Last updated on November 22, 2020 by Dan Nanni
It is important to know which version of Linux kernel you are running because many software or libraries require that certain kernel subsystems and features be available in order for them to run properly. Knowing the kernel version can also be helpful in diagnosing systems or debugging software problems.
You can check Linux kernel version by using
uname command. In the example below, it shows that you are running a Linux kernel 2.6.32.
$ uname -r
Another way to check Linux kernel version is via
$ cat /proc/version
Linux version 126.96.36.199-2.fc15.x86_64 ([email protected]) (gcc version 4.6.3 20120306 (Red Hat 4.6.3-2) (GCC) ) #1 SMP Tue May 8 11:09:22 UTC 2012
If you would like to know the version number of your Linux distribution (e.g., Debian, Ubuntu, CentOS, etc.), you can follow the distribution-specific instructions below.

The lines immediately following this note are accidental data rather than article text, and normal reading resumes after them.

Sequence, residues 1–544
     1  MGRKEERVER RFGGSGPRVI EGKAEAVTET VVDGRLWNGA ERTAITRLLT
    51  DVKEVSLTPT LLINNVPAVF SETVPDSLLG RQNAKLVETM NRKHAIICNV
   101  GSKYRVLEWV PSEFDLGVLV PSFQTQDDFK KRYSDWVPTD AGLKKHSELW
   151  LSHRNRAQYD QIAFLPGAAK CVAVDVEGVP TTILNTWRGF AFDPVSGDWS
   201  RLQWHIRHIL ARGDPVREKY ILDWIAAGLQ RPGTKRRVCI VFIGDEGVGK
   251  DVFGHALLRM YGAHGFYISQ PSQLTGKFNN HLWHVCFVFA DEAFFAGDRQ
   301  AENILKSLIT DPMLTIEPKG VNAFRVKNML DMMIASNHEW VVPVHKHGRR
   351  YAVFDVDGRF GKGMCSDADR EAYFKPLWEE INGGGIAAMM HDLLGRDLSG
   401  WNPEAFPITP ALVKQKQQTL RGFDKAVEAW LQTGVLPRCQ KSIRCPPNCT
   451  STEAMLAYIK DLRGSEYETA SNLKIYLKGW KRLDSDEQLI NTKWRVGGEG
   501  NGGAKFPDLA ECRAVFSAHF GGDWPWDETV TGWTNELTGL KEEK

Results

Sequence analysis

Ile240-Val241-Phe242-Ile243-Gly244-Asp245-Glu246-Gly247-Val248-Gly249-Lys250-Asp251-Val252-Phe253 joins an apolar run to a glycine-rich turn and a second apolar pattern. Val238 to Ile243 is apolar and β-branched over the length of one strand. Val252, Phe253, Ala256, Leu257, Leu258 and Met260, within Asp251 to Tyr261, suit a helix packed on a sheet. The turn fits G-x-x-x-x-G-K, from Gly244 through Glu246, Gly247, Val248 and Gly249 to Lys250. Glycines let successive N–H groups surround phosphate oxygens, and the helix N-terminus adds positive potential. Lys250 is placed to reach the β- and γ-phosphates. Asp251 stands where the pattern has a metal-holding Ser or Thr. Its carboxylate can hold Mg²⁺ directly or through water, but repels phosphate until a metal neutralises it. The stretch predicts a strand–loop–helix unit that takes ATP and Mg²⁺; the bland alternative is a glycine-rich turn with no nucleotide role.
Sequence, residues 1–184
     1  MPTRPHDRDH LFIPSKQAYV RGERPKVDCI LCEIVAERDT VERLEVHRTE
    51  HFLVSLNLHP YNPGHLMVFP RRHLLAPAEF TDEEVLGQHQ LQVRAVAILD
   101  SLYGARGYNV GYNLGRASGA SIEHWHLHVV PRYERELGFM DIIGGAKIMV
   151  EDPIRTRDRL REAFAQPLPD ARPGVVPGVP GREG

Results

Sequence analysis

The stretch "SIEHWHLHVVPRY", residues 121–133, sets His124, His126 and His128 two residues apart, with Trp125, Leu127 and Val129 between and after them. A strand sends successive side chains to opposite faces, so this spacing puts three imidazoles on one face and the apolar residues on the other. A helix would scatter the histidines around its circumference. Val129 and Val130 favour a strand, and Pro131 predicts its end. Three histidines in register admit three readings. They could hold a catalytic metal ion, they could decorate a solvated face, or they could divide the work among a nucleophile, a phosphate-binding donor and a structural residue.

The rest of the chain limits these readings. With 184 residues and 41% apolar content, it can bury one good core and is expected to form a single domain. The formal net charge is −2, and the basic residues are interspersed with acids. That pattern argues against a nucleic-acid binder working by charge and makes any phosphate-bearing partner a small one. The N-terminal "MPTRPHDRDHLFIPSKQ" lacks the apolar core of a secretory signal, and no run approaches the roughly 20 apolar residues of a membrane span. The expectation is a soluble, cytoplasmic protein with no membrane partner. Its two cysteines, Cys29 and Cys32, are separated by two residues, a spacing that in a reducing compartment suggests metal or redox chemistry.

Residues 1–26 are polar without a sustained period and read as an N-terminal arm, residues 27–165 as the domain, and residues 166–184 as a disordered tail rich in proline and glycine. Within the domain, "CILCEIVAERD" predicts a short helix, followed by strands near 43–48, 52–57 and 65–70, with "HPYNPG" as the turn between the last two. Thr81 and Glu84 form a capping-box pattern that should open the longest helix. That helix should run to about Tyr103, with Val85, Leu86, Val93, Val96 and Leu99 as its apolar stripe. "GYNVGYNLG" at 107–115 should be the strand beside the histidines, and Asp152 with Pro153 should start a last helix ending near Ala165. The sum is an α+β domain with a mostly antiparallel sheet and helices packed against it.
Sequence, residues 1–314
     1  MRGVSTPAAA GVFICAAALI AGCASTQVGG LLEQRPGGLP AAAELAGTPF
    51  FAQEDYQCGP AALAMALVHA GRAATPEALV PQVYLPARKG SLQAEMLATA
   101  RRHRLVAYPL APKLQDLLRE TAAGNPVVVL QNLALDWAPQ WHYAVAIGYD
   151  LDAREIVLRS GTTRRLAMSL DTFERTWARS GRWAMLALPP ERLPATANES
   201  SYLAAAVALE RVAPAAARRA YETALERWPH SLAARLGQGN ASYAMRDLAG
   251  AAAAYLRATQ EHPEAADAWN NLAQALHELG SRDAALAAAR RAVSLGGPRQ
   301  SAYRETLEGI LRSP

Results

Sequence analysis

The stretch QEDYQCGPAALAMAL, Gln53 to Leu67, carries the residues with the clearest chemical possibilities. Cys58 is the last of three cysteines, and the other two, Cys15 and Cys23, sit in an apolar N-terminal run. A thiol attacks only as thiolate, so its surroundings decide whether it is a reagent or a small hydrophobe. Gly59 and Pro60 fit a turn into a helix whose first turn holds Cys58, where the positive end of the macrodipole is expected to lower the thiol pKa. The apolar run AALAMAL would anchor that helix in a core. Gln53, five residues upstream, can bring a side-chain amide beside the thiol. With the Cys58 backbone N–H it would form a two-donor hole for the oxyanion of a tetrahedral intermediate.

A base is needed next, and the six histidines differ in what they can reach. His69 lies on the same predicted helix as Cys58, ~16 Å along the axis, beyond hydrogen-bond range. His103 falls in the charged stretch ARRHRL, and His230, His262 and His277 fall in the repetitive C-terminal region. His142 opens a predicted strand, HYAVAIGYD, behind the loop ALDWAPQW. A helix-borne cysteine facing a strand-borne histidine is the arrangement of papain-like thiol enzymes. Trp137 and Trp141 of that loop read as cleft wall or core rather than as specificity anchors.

$ cat /etc/debian_version
$ cat /etc/issue
Debian GNU/Linux 5.0 \n \l
$ cat /etc/lsb-release
DISTRIB_ID=Ubuntu DISTRIB_RELEASE=10.04 DISTRIB_CODENAME=lucid DISTRIB_DESCRIPTION="Ubuntu 10.04.4 LTS"
$ cat /etc/issue
Ubuntu 10.04.4 LTS \n \l
$ cat /etc/*-release
CentOS release 6.2 (Final)
$ cat /etc/redhat-release
Red Hat Enterprise Linux Server release 6.0 (Santiago)
$ cat /etc/fedora-release
Fedora release 14 (Laughlin)
$ cat /etc/SuSE-release
openSUSE 12.1 (x86_64) VERSION = 12.1 CODENAME = Asparagus
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